Regardless of what city you live in, rush hour is undoubtedly the worst and most chaotic time for any city. The flood of citizens rushing to get to work, or to return home can feel like hell. Fortunately, cities around the world are implementing new methods utilizing technology and psychology to speed up transport. For example, in Japan, the government has cleverly used Nudge Theory through the use of arrows and other methods to encourage travelers to move more effectively, enhancing the efficiency of the whole processes.
In China, the government has taken a different approach adopting facial recognition technology. Beijing is now considering the introduction of “bio-recognition technology” to its subway station. The city will look to implement palm scanners and facial recognition scanners which would supposedly help increase efficiency and decrease gridlock in key stations during rush hour.
To get a better idea of how this technology could improve the speed and efficiency of public transport we spoke with Preeti Prabhu, the Lead Program Manager at Graymatics, an artificial intelligence company that classifies images and videos to provide customer-centric solutions, who said “Facial recognition has been a hot topic recently, and for good reason as its practical uses are numerous. The most common uses of facial recognition are of course for identification, security, and surveillance, etc. But it can be used for so much more, and we at Graymatics are leveraging the immense amounts of data we get to provide innovative solutions for clients. For instance, facial recognition can be used in the field of retail to identify and even differentiate between customers, such as first-timers and repeat customers. Clients can make use of this information to better cater to customers’ wants and build brand loyalty.”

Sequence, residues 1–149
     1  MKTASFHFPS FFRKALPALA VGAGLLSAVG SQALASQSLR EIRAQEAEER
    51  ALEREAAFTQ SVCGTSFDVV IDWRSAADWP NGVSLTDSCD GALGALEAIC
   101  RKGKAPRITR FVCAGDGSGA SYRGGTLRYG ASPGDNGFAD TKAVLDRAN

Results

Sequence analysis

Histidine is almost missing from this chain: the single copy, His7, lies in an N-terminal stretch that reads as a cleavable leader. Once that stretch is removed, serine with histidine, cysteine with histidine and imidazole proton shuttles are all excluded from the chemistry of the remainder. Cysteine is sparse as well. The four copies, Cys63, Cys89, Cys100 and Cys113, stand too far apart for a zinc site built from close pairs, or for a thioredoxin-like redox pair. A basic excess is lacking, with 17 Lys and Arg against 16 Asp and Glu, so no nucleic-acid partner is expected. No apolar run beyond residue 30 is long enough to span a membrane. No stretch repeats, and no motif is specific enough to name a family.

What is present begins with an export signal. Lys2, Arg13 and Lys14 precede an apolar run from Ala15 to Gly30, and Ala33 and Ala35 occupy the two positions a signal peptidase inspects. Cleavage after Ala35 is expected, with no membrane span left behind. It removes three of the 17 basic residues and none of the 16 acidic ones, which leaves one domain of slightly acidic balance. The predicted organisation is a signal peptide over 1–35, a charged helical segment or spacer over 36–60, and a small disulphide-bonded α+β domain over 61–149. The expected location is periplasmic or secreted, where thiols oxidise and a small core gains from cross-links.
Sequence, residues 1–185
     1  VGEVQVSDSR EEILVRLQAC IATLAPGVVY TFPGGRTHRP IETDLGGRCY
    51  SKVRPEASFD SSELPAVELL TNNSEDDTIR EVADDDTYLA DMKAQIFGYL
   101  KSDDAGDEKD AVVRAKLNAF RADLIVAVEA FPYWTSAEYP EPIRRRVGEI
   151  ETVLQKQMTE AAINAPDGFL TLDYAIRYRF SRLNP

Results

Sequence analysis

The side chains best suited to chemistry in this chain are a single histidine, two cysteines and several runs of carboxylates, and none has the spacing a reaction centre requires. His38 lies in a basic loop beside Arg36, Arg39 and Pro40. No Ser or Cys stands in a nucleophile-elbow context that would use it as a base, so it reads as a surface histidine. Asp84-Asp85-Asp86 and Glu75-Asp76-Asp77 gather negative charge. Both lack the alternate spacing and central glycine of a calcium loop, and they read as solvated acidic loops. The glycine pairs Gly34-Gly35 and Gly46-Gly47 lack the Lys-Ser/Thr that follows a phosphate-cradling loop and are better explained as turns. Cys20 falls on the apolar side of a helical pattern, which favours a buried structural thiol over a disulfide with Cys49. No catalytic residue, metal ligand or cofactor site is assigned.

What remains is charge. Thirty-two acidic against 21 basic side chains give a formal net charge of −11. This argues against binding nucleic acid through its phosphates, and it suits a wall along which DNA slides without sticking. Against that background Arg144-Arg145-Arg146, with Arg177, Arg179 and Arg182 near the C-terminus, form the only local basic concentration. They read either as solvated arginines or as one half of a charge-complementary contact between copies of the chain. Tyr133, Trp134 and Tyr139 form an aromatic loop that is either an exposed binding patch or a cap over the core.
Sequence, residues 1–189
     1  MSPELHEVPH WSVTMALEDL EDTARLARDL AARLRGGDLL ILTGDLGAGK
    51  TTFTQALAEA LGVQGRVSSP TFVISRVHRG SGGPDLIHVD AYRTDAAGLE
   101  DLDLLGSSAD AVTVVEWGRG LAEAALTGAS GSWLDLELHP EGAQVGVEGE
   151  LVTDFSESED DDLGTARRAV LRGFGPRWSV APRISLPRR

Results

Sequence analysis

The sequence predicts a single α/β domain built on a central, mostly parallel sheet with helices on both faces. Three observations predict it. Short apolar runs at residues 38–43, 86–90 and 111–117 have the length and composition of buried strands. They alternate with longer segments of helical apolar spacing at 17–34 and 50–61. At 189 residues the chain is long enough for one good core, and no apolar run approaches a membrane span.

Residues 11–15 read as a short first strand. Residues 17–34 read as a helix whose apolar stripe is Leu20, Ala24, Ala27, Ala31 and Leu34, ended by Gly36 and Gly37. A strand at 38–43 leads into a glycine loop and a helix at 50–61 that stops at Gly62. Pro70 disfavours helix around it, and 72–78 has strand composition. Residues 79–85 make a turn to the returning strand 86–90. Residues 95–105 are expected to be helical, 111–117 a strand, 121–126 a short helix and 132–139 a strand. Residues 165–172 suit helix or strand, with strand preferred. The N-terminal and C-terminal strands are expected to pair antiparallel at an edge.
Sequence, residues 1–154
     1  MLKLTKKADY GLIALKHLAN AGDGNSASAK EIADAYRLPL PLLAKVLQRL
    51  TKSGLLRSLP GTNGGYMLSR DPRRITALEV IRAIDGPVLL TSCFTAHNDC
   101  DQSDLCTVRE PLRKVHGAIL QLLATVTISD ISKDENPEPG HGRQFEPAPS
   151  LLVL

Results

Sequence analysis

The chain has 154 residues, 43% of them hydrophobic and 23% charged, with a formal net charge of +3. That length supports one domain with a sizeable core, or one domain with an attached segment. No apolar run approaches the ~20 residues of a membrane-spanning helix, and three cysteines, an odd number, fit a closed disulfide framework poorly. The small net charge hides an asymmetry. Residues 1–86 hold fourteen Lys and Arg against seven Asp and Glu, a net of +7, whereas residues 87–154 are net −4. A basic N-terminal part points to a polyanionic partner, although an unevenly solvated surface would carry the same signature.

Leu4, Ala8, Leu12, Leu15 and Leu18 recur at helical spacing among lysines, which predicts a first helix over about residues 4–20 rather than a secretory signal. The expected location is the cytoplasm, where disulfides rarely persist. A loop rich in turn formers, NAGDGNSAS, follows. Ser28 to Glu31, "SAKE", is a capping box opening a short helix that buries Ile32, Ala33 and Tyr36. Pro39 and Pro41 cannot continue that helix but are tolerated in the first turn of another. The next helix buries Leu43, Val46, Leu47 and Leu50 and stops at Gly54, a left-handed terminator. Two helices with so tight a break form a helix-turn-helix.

“Facial recognition can even be used in transport in place of traditional card passes, as we see increasingly happening. It is also replacing biometrics for tasks such as attendance-taking, door-opening, etc. The uses of facial recognition are great, and Graymatics, with enhanced image analytics and cognitive media processing, is strongly established in this field,” adds Prabhu.
There have been some who have questioned to what extent this technology will infringe on privacy, however, this aside, there is certainly a lot of opportunity for this tech to improve transport and make rush hour a little less stressful for everyone involved.